Paruyr Sevag led a relatively short life, cut short by a suspicious car crash, but his work had such an impact that he was considered to be one of the outstanding Armenian poets of the 20th century. From humble beginnings he became a well-educated man who filled university posts at different times as a translating professor and a scientific researcher. He also served on the Board of the prestigious Writers Union of Armenia as Secretary.
He was born Paruyr Ghazaryan on the 24th January 1924 in the small Armenian village of Chanakhchi, which was then part of the Soviet Union. His education began in the local village school and then, at the age of 16, he began his studies at Yerevan State University, in the philological faculty. Five years later he graduated but went on to postgraduate studies at the Academy of Sciences Abeghyan Institute of Literature. He studied Armenian literature here and found that he had a talent for writing poetry.
It is not clear when it happened but, at some point, and for the purposes of writing, he changed his name to Paruyr Sevag in honour of the previously well-known Armenian poet, the Turkish-born Ruben Sevag (sometimes written as Sevak). Keen to further his knowledge of literature, Sevag moved to Moscow in 1951 and began a course of study at the Gorky Institute of World Literature. The environment was very much to his liking and, following graduation, he remained at the Institute, filling the post of translating professor between 1957 and 1959.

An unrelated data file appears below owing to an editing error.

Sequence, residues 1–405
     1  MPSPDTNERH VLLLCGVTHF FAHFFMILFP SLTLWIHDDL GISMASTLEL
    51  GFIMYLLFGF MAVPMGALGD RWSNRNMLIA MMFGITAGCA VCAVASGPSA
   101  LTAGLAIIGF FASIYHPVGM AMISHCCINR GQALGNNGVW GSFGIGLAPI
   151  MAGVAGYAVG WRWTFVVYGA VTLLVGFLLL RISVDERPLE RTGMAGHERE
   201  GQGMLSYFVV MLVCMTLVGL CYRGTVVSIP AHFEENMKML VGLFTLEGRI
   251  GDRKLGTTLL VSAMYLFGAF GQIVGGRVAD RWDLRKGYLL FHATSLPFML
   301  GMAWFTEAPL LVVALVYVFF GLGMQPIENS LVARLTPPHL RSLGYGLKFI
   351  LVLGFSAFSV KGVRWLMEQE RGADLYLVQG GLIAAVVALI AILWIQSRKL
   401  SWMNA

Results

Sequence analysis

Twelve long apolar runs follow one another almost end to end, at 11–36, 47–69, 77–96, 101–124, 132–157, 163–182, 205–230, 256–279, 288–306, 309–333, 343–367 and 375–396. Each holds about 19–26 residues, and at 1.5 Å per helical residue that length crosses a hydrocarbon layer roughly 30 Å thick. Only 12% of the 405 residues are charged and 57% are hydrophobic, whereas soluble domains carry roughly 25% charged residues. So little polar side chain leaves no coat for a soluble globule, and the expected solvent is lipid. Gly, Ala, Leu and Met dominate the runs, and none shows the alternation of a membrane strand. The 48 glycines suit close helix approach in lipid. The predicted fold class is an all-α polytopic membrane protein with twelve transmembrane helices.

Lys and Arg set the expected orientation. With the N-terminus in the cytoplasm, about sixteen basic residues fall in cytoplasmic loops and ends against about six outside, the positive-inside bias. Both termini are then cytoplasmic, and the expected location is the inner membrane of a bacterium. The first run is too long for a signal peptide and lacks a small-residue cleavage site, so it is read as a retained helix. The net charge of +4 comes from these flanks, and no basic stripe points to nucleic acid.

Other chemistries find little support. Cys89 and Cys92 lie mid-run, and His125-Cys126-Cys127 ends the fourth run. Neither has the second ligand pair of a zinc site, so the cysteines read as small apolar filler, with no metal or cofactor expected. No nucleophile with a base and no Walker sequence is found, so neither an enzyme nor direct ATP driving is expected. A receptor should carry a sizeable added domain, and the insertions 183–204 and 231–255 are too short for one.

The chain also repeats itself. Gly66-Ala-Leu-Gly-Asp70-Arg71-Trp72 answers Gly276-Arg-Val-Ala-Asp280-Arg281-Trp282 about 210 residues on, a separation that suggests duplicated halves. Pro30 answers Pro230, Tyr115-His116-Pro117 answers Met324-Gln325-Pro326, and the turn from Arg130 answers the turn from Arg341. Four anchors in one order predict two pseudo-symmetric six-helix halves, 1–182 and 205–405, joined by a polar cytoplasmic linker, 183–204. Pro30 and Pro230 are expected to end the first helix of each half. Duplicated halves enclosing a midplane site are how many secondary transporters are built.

In 1960 Sevag returned to where his lifelong study of literature began, at Yerevan State University. Here he began a significant and fecund period in his life, a time of meaningful scientific and literary study, along with dedicated public activism. He had, for some time, been speaking out against what many saw as a corrupt, ruling Soviet establishment and his writing reflected his views. He was fiercely proud of his Armenian heritage and this was demonstrated clearly in the following poem called To My People:
By now he was a well-respected scientific researcher at the Abeghyan Institute of Literature and, for what turned out to be the last five years of his life, he served the Writers Union of Armenia as its Secretary (1966-1971). In 1967 he was a awarded a doctorate in Philology.
Perhaps his criticism of the Soviet authorities had not quite reached a peak in 1968 because he was, at that time, elected to the Supreme Council of the Armenian Soviet Socialist Republic. This was, of course, a great honour but he did not remain in favour for too long.
On a summer’s day in 1971 he was driving back to Yerevan and was killed in a car crash. It could have been an accident but many Armenians believe that he had been forced off the road deliberately, perhaps by members of the Soviet KGB. Perhaps he had voiced one too many criticisms of the Politburo. His wife, Nelly, was in the car and also died.
Paruyr Sevag’s short life ended on the 17th June 1971. He was aged 47 and his remains were buried at Zangakatun, in the back yard of his former home. Such was his reputation in Armenian literary circles that the house was later turned into a museum to honour his memory.